Quote for the Day

by Will on November 1, 2010

From Tess of the D’Urbervilles, by Thomas Hardy, page 110:

She might have seen that what had bowed her head so profoundly–the thought of the world’s concern at her situation–was founded on an illusion. She was not an existence, an experience, a passion, a structure of sensations, to anybody but herself. To all humankind besides Tess was only a passing thought. Even to friends she was no more than a frequently passing thought. If she made herself miserable the livelong night and day it was only this much to them–“Ah, she makes herself unhappy.” If she tried to be cheerful, to dismiss all care, to take pleasure in the daylight, the flowers, the baby, she could only be this idea to them–“Ah, she bears it very well.” Moreover, alone in a desert island would she have been wretched at what had happened to her? Not greatly. If she could have been but just created, to discover herself as a spouseless mother, with no experience of life except as the parent of a nameless child, would the position have caused her to despair? No, she would have taken it calmly, and found pleasure therein. Most of the misery had been generated by her conventional aspect, and not by her innate sensations.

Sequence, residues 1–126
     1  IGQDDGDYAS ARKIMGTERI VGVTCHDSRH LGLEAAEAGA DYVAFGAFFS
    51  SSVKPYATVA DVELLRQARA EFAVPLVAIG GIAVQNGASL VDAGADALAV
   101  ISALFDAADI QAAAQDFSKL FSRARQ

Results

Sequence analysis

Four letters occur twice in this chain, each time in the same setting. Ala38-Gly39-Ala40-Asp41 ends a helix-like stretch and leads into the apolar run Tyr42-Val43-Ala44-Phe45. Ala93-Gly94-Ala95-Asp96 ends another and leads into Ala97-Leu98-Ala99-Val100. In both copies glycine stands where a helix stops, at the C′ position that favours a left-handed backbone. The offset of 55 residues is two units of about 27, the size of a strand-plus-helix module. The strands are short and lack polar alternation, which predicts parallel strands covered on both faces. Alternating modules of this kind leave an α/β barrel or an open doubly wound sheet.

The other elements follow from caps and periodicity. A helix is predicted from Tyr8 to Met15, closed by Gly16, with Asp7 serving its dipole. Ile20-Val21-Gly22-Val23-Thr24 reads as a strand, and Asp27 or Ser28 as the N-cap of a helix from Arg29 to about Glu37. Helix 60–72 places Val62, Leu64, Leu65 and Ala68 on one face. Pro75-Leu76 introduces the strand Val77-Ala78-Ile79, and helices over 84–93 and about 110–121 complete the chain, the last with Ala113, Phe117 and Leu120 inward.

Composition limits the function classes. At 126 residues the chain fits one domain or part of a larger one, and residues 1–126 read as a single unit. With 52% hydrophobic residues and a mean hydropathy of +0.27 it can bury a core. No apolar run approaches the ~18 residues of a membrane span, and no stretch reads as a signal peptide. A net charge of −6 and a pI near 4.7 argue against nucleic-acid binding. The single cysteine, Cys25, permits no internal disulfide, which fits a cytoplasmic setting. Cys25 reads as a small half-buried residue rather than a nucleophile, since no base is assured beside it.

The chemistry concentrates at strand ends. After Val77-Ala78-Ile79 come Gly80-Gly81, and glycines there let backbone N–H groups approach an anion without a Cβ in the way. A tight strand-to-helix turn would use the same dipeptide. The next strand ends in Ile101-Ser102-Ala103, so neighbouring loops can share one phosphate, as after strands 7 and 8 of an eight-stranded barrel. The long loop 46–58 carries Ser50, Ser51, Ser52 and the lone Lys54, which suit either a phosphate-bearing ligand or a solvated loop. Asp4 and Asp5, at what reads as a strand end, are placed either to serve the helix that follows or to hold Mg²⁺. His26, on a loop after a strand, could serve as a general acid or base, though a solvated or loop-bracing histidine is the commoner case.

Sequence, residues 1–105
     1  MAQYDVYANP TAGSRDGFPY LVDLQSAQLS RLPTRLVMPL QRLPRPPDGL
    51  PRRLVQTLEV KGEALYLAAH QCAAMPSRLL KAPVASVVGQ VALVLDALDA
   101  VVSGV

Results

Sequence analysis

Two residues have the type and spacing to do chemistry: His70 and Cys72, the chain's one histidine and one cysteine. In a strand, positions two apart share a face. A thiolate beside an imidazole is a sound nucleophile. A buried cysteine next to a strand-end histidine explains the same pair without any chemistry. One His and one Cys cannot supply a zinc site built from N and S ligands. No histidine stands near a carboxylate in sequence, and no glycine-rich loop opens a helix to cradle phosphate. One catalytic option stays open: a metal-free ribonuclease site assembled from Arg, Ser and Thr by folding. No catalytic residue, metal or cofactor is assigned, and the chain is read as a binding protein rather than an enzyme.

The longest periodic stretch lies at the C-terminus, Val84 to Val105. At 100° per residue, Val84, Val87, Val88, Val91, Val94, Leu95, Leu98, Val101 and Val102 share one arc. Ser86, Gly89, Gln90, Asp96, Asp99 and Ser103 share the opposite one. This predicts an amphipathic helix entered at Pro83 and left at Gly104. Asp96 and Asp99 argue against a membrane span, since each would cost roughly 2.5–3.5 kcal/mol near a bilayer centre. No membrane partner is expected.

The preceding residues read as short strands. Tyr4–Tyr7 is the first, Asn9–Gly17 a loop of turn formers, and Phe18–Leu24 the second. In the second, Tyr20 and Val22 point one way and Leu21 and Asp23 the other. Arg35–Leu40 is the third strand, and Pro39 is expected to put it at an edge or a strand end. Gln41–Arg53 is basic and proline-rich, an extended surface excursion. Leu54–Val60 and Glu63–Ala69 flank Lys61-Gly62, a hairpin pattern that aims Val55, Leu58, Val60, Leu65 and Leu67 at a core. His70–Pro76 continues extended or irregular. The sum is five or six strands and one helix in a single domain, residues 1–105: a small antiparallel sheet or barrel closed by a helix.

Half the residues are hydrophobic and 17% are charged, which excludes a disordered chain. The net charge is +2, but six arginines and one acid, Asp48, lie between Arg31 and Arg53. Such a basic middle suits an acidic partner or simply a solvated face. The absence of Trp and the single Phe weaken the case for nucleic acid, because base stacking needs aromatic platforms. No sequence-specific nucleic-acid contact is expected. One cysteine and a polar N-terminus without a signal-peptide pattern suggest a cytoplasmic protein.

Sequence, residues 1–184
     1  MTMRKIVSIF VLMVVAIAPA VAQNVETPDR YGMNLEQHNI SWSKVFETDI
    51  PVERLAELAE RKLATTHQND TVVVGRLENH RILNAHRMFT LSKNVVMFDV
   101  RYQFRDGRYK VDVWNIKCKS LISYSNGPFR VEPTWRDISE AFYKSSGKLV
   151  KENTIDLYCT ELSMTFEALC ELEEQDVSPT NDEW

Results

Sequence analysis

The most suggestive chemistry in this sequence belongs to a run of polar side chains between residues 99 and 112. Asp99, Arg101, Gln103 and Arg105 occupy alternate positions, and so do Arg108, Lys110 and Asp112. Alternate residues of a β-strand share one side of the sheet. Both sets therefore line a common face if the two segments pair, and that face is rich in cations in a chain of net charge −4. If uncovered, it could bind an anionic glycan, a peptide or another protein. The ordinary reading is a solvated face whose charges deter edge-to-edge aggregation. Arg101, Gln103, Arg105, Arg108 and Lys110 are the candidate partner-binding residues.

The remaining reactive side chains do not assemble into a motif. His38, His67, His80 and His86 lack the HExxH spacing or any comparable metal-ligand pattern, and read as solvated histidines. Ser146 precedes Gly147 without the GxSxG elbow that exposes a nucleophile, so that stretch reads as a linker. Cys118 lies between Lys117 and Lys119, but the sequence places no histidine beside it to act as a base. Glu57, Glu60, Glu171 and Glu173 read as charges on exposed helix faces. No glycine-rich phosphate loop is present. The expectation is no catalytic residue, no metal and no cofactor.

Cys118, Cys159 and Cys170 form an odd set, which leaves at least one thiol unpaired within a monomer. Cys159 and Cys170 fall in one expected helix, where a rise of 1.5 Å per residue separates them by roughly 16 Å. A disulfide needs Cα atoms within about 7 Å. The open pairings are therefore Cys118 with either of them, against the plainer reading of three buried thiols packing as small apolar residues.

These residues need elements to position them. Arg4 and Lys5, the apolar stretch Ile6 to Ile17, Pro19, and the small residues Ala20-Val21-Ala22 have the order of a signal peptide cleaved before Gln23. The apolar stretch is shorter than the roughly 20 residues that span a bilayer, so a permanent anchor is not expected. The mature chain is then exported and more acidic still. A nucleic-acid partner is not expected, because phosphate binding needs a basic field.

In other words: you’re not such a big deal. The world isn’t waiting with baited breath to see what your every next move will be. If you do something good, people will notice and have a moment of admiration, but then will quickly retreat back into their own heads and forget about it. If you do something bad, people will readily understand and relate, because they’ve done bad things and know how easy it is to be misled or fall victim to temptation. And once again, they’ll remark it for a moment and get on with their business. Spending a bunch of time beating yourself up and feeling ashamed about some “humiliation” is just as much a waste of time as sitting around thinking about what a great person you are. Both are useless exercises that distract you from what you could instead be doing, seeking and creating more happiness for yourself and others.

I read this passage when I was just 18, and immediately recognized it as both quite wise and quite uncommon. Though I have not always abided by its wisdom, it has never loosed from my mind.

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